The four men examined the position of the ham radio antenna, adjusted it a little north, then tried again, using a particular string of words as they tried to establish a connection.
“Whiskey, five, gulf, India, x-ray,” Brook Samuel announced clearly into the receiver.
In response, he received static electricity. Another adjustment. Another round of the call sign. More static. After about a dozen tries, broken vocals came out of the static and just as quickly disappeared.
The men stirred and became excited by the sounds.
“It was them!” one said admiringly.
More static followed and the window of opportunity passed. Their excitement was due to where the voices were coming from – hundreds of miles in space.
“It was astronauts on the International Space Station,” John Stevens said. He said they wouldn’t be back for over an hour, after which the men would get back into their places and try again.
The four men, all radio amateurs, were at the Highland Road Park Observatory taking part in the American Radio Relay League Field Day. The event is an opportunity for amateur radio operators from the United States and Canada to compete to contact the most other operators.
Amateur radio operators are amateur radio operators licensed by the FCC to operate on specific radio bands. Most astronauts are also radio amateurs and sometimes navigate the air talking to people on the ground.
At 1:30 p.m. in Baton Rouge, it was after dinner for the crew aboard the ISS, said Jim Giammanco, one of the radio amateurs.
“It’s game time,” he added, meaning it was the time when maybe they could reach the crew by radio.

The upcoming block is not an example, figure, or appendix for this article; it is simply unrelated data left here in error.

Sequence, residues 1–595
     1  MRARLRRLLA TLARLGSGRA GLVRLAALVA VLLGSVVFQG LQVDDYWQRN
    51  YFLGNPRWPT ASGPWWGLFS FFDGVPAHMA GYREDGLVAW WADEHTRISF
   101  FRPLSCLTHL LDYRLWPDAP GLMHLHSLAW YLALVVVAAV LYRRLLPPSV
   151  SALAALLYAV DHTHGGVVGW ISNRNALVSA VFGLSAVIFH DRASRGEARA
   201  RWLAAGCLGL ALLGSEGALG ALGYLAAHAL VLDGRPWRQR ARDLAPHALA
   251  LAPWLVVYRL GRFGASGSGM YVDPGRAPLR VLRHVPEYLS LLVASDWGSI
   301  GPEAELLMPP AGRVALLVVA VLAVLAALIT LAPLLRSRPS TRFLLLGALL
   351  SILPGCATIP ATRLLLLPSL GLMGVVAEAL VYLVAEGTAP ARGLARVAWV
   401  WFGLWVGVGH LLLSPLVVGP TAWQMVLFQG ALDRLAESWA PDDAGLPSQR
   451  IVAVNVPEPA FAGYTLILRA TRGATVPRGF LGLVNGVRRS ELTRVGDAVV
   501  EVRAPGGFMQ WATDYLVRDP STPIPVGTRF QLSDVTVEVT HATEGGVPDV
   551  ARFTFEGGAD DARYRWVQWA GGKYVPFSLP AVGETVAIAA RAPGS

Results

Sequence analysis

While many operators use their radio primarily as a hobby, Giammanco said, the most significant use for amateur radios is in emergency situations.
Capable of using voice, digital and Morse code, and running on a car battery, amateur radios are invaluable in emergencies when a site’s infrastructure may be crippled, Giammanco said.
With a suitcase-sized radio and a battery, operators can “talk to anyone in this world or out of this world,” he said.
Dana Browne, an LSU physics professor and amateur operator, agreed that radio amateurs are useful during hurricanes and other natural disasters because operators can contact others to warn of extreme weather conditions or the need for medical assistance. .
He said the observatory operators participating in the competition were operating under “simulated emergency” circumstances, meaning they weren’t using building power, but rather batteries.
Browne said his most interesting amateur radio experiences came when he was able to communicate with other people around the world. His most memorable conversations were with astronauts aboard the ISS, Nobel laureate Joe Taylor and the oldest living veteran of World War I.
Inside the observatory, four radios were set up with spotlights coloring in the states and regions of Canada where the operators had made successful contacts.
To successfully save the contact, operators had to save the other operator’s call sign and location.
More experienced operators could easily discern what sometimes sounded like robotic voices or sounds slightly like human voices with the naked ear.
Giammanco said a trained ear could pick up a whisper in static.
The event was open to the public and families started coming with children who got to play with some of the radios alongside an operator, receiving a card when they made successful contact.
Giammanco said he and other operators are trying to actively promote radio communication to young people, but what was once the most advanced technology is a little less appealing to a generation with cellphones and the internet.